Articles 2004 (Volume 2)
Volume 2, Number 1:
Emotional/Behavioral Disorders: Understanding the Challenges
Mark D. Nelson, Montana State University - Bozeman, and Tricia Williamson, Flathead High School, Kalispell, Montana
Children with Emotional/Behavioral Disorders (E/BD) may present a variety of challenges for educators in a school setting. The current trend in public schools is to mainstream children diagnosed with E/BD into regular education classrooms as much as possible (Sutherland, 2000). While few would dispute that mainstreaming children with E/BD is a bad idea, it may cause job-related stress among regular education teachers who have E/BD children in their classrooms (Morin, 2001). This paper offers information that may help teachers work more effectively with students who struggle with E/BD.
Nelson, M. D., & Williamson, T. (2004). Emotional/behavioral disorders: Understanding the challenges. Journal of School Counseling, 2(1). Retrieved from http://www.jsc.montana.edu/articles/v2n1.pdf
Type of Article
Volume 2, Number 2:
School Counseling Programs: Comparing GEAR UP Schools with Non-GEAR UP Schools
Jill M. Thorngren, Mark D. Nelson, and Larry J. Baker, Montana State University - Bozeman
A survey was conducted using qualitative means to assess school counseling programs in Montana. Schools that were demonstration schools in a federal initiative, Gaining Early Awareness and Readiness for Undergraduate Programs (GEAR UP) were compared to non-GEAR UP schools. Several differences between GEAR UP and non-GEAR UP schools are noted and discussed.
Thorngren, J. M., Nelson, M. D., & Baker, L. J. (2004). School counseling programs: Comparing GEAR UP schools with non-GEAR UP schools. Journal of School Counseling, 2(2). Retrieved from http://www.jsc.montana.edu/articles/v2n2.pdf
Type of Article
Volume 2, Number 3:
Developing a Teen Suicide Prevention Program in the School
Mary Jane Anderson, Augusta State University
The problem of adolescent suicide worldwide is discussed. Teen suicide is the second leading cause of death among 15-19 year olds in the United Status, and has become an increasing concern for counselors employed in schools. Contributing factors to suicide, such as cultural and socio-demographic factors, dysfunctional family patterns, cognitive style and personality, psychiatric disorders, and current negative life events as triggers of suicidal behavior are reviewed. Marginalized populations are at higher risk of low self-worth and depression, both precursors to suicidal ideation. Most authorities agree that schools should develop a written plan of action for suicide intervention and prevention. The development of a Teen Suicide Prevention Program for a school district in rural Mississippi is reviewed. Steps including negotiation with administrators and policy development, providing faculty/staff in-service, preparation of crisis teams, parent education, classroom presentations, and follow-up are delineated and additional resources are provided.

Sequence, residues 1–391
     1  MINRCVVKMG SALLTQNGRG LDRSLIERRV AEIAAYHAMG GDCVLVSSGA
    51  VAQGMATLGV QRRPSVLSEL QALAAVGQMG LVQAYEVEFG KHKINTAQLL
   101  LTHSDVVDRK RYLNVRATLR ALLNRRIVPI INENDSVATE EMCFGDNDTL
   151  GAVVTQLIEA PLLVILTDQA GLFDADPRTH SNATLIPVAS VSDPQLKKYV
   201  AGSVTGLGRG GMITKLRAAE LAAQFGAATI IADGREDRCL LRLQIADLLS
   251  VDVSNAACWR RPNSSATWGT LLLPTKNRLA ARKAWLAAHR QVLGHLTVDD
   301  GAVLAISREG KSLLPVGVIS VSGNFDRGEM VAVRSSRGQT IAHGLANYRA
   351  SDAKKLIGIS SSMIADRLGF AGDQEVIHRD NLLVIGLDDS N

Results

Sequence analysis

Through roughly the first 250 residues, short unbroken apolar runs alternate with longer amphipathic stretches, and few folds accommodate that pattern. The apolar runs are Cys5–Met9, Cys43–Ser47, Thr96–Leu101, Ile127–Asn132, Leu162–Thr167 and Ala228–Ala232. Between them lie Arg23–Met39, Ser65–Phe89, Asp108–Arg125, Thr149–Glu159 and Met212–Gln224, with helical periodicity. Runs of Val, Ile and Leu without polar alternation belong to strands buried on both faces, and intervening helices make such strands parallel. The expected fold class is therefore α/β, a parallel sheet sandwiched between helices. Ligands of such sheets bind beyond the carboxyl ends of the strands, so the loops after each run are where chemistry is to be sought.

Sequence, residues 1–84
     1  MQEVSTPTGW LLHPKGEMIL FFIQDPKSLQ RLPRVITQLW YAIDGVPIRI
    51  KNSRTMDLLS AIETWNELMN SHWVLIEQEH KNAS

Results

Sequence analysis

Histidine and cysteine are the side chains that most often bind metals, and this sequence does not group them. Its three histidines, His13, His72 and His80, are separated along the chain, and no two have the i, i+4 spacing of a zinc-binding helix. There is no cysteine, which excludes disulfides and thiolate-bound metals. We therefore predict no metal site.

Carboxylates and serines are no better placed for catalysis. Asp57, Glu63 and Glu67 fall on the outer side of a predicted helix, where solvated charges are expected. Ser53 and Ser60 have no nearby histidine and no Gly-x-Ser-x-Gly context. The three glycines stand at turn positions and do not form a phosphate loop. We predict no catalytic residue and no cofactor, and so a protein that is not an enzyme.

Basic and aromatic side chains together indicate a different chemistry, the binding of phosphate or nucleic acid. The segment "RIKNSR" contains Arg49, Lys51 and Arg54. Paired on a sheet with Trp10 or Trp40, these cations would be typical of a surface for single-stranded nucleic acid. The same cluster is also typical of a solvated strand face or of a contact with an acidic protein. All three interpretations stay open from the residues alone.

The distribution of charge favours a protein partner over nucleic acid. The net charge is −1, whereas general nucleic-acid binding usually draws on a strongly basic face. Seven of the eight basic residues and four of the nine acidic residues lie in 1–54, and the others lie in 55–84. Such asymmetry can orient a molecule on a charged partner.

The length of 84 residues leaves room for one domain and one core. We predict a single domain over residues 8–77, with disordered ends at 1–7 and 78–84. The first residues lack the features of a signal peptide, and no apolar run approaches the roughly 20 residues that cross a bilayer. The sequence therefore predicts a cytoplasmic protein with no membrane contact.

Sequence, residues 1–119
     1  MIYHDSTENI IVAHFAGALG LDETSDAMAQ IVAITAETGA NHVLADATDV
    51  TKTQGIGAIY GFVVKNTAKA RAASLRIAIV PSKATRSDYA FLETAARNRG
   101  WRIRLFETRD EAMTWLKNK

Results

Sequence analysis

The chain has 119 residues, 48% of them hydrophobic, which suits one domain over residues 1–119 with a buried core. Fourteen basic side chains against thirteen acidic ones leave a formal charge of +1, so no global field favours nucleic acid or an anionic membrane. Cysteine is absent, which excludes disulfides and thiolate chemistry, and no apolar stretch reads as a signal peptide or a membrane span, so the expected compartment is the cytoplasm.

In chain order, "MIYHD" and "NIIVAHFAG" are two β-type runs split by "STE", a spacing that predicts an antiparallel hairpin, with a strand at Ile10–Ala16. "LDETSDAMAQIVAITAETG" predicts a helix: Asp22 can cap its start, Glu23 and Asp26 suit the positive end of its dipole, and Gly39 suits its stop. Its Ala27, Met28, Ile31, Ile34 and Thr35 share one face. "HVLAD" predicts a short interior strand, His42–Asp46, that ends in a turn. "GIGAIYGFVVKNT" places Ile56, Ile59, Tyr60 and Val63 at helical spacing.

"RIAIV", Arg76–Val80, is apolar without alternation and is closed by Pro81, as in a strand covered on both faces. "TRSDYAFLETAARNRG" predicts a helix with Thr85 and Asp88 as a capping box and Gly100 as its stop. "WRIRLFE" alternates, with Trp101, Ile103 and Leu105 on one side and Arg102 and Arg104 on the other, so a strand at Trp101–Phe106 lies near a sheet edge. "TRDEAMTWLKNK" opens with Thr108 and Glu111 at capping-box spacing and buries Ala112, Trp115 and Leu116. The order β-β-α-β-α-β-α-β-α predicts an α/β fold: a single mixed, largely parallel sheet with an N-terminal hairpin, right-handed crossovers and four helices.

Anderson, M. J. (2004). Developing a teen suicide prevention program in the school. Journal of School Counseling, 2(3). Retrieved from http://www.jsc.montana.edu/articles/v2n3.pdf
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Volume 2, Number 4:
African-American Male Students with Emotional Behavioral Disorders: A Study of the Effects of Ethnic Identity on Preference for School Counselors
Adam Kosnitzky, Lynn University, and Cindy L. Skaruppa, Noel-Levitz Inc.
This study explored African-American adolescent males with emotional behavioral disorders (EBD) preferences for a school counselor in terms of gender and ethnicity. Participants were administered the Multigroup Ethnic Identity Measure (MEIM) to assess their ethnic identity levels, and the School Counselor Preference Inventory (SCPI) to assess their counselor preferences. Using a 4x2 Multiple Analysis of Variance (MANOVA), results of the study indicated that individuals with higher levels of ethnic identity had stronger preferences for ethnically similar school counselors. When counseling involved personal issues, the participants preferred ethnically similar school counselors regardless of gender. A lack of preference towards White male school counselors resulted when counseling involved career issues.
Kosnitzky, A., & Skaruppa, C. L. (2004). African-American Male Students with Emotional Behavioral Disorders: A Study of the Effects of Ethnic Identity on Preference for School Counselors. Journal of School Counseling, 2(4). Retrieved from http://www.jsc.montana.edu/articles/v2n4.pdf
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